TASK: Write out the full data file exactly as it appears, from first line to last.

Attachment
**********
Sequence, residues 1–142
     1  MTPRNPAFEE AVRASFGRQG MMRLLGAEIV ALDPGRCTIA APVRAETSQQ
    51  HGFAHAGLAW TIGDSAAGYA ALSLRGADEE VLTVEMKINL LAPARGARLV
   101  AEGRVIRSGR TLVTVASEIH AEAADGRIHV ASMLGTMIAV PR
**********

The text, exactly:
Sequence, residues 1–142
     1  MTPRNPAFEE AVRASFGRQG MMRLLGAEIV ALDPGRCTIA APVRAETSQQ
    51  HGFAHAGLAW TIGDSAAGYA ALSLRGADEE VLTVEMKINL LAPARGARLV
   101  AEGRVIRSGR TLVTVASEIH AEAADGRIHV ASMLGTMIAV PR